Firms also recognize this.  Sweatshop gossip aside, most law firms don't hire associates based primarily on who they think will hit the ground running, but based on who has the potential to become a great lawyer a decade later.  My concern with all the practical training programs is that they focus too much on day 1 survival skills.  Most law schools are trying to lay the foundation for success over the course of 40 years.  Are they successful?  Have they gone too far down that path?  I don't know - but we should take care not to reduce law school to a trade school. 

The practice of law is the practice of learning.  Every day is a learning experience, and thinking and learning are the most important skills you can learn.  The facts and the law will change, but if you have learned to learn, you will be able to change as well.

louiebstef

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Re: Does anyone think class rankings are the wrong way to measure students?
« Reply #27 on: September 27, 2010, 01:12:46 PM »
Morten,

Very good point.  It would be difficult to quantify without first observing a general shift.  I concur with you that using "reading" as a backdoor entry for mediocre candidates is definitely NOT what the profession wants or needs (not that I know anything myself).

A caveat to what you quoted from me.  I really was not blowing my horn.  I am a serious weenie when compared to some of the outstanding and experienced paralegals you mentioned.  I used myself as an example of how is is really not impossible to network, even as a greenhorn,  if you are open to it.

I think many T-14 aspirants simply think the BIGLAW Tree will drop that golden apple right into their lap.  That is just becoming more and more unrealistic.  Those, like myself, who just will not make into a T-14, or maybe even a T-1 or 2 have to be VERY realistic heading into LS.....
"Why be a lawyer? I'm already an ass.  Might as well go professional!"

kenpostudent

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Re: Does anyone think class rankings are the wrong way to measure students?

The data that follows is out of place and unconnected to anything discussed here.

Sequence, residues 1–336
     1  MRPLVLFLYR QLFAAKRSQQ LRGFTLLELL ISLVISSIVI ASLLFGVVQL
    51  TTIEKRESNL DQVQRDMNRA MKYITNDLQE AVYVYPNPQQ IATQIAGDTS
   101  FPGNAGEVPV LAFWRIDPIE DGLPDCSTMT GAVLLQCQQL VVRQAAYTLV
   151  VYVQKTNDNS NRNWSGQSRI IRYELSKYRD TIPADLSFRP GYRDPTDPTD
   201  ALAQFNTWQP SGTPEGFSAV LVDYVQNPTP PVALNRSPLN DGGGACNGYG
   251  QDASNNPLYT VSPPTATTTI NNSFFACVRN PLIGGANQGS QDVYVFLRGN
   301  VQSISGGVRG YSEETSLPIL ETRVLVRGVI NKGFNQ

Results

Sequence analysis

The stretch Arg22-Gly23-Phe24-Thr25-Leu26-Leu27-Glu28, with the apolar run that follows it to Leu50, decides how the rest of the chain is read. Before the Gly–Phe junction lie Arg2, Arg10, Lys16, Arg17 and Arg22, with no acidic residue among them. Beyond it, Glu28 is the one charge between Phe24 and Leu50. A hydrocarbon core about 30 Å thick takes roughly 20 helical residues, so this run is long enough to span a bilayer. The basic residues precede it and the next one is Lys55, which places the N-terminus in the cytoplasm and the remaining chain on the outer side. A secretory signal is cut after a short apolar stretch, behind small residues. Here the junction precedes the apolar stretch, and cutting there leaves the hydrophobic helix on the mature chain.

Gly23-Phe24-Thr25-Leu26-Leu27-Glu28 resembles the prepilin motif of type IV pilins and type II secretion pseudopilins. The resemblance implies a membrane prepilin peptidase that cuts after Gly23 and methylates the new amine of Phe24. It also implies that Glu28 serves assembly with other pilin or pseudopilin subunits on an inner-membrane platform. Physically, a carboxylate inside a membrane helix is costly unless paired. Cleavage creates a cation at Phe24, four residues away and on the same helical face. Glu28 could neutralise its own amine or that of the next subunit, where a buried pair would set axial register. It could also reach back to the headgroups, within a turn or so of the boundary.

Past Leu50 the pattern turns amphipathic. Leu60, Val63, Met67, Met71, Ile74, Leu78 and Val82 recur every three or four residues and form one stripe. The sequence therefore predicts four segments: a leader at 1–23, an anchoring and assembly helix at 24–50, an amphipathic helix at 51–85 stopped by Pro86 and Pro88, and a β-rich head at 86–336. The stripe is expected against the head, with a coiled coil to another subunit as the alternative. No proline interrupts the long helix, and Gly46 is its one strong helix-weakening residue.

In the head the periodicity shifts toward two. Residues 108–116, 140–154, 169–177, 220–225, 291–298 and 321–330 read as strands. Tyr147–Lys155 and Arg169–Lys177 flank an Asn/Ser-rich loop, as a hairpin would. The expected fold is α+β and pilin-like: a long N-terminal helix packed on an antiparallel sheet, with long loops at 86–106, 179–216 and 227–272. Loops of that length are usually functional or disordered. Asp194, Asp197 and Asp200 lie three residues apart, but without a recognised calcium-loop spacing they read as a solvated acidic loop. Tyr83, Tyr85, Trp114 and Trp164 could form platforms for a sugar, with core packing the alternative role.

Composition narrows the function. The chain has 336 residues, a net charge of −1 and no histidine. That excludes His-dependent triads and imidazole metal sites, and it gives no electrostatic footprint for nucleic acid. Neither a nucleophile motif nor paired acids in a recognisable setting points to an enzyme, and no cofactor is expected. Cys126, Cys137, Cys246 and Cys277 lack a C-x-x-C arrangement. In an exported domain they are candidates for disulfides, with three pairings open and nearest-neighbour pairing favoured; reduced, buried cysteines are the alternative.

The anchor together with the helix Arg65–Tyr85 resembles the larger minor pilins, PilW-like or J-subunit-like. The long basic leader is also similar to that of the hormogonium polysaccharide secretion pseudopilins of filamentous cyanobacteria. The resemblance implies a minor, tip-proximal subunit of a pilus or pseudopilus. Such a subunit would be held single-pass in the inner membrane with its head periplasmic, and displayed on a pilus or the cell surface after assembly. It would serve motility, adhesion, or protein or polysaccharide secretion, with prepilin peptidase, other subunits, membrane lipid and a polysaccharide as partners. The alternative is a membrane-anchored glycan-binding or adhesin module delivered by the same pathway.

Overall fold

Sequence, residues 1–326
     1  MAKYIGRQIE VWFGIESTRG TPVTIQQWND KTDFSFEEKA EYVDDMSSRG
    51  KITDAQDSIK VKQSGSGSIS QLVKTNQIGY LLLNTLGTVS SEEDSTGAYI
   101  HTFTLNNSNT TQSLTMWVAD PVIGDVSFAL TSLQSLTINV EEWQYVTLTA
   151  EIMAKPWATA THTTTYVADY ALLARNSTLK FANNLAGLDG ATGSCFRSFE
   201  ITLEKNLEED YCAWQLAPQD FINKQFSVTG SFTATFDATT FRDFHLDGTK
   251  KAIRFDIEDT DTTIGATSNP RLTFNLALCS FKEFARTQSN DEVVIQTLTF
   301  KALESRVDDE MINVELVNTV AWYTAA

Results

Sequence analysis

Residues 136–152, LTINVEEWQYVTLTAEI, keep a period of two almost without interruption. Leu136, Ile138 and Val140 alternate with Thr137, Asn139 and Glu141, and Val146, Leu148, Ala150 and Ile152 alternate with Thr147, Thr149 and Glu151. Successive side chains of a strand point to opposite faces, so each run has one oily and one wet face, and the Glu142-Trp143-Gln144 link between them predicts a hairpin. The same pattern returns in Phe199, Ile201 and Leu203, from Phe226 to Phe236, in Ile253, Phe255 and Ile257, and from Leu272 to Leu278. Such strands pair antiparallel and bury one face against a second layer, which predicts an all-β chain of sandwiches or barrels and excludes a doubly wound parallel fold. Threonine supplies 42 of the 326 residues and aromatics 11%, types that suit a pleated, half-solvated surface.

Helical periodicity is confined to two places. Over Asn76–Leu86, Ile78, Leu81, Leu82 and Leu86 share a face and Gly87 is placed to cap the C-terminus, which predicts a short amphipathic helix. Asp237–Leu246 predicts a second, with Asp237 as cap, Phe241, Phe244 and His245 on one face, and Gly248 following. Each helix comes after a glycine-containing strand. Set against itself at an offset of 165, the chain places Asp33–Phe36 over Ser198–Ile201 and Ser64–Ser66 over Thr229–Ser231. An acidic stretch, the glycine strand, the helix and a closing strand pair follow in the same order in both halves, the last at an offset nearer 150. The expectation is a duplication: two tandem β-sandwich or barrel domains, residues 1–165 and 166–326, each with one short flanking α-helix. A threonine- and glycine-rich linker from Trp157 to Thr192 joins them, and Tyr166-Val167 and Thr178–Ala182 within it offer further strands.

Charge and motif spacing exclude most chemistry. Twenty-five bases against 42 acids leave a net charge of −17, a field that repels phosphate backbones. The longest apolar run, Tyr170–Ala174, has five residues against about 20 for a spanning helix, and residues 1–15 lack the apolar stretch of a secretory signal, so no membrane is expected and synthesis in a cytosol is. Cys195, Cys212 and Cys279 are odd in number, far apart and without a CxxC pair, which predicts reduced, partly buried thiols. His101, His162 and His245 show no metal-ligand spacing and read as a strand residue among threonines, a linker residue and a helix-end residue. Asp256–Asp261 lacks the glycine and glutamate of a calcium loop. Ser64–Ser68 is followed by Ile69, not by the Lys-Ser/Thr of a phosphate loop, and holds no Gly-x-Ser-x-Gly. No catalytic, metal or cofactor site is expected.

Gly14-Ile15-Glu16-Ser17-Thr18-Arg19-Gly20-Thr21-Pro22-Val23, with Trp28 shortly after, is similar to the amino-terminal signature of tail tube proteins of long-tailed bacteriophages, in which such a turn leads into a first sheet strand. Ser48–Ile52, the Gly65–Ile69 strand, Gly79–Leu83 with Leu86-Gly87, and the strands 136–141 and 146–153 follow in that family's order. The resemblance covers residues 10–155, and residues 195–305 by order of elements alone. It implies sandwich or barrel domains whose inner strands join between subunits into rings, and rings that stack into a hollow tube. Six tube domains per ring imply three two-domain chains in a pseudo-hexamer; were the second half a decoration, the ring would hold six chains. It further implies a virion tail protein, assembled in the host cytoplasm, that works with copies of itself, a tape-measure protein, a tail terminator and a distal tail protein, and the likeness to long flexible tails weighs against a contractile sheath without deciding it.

« Reply #28 on: September 27, 2010, 01:19:19 PM »
What practical skills do you think are lacking? You mentioned arguing cases, but few attorneys actually do that. You fashion arguments everyday in law school. You argue on exams. You argue on your briefs. The only difference is that you would present those same argument orally in court as opposed to on paper. What I think you mean is trial skills. There are mock trial competitions in law school to simulate that. However, nothing really prepares you like the real thing. No law student can actually argue a trial for real. It wouldn't be fair to a defendant, unless a law student was also the Plaintiff/Prosecutor.

What other lawyer skills do you want to build in law school: interviewing? There are tons of competitions for that. Law school teaches you to question issues and formulate questions on important issues. You don't need extensive training to put that into practice. However, there are both competitions and clinics that will help you build client interviewing, negotiation, and mediation experience.

How about writing? There are tons of writing competitions for myriads of types of practice documents from briefs, motions, office memos, and even non-practice documents like law review notes and general research papers.

You can get as much technical skill as you want to put the time in to develop. No matter what, however, you will never be fully prepared for your first day on the job. You will be learning your entire career.

Morten Lund

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Re: Does anyone think class rankings are the wrong way to measure students?
« Reply #29 on: September 27, 2010, 01:54:42 PM »

A caveat to what you quoted from me.  I really was not blowing my horn.  I am a serious weenie when compared to some of the outstanding and experienced paralegals you mentioned.  I used myself as an example of how is is really not impossible to network, even as a greenhorn,  if you are open to it.

I think many T-14 aspirants simply think the BIGLAW Tree will drop that golden apple right into their lap.  That is just becoming more and more unrealistic.  Those, like myself, who just will not make into a T-14, or maybe even a T-1 or 2 have to be VERY realistic heading into LS.....

I agree on all fronts.  BigLaw currently uses law school ranking as a proxy for candidate quality.  It isn't the worst of proxies, but it is certainly a blunt instrument and misses many excellent candidates.  It would be to the benefit of all if someone with BigLaw ambitions (for instance) who failed to get into a top law school could work as a paralegal for that big firm, with the possibility of becoming an attorney by proving her worth.  I certainly think that would be a better result (for everyone) than having this person waste time and money at an atrocious law school that (in today's system) does nothing to further her goals.

We learn nothing in law school that couldn't be learned on the job.  While law school does lay a foundation, its primary function is currently (IMO) to act as a vetting process.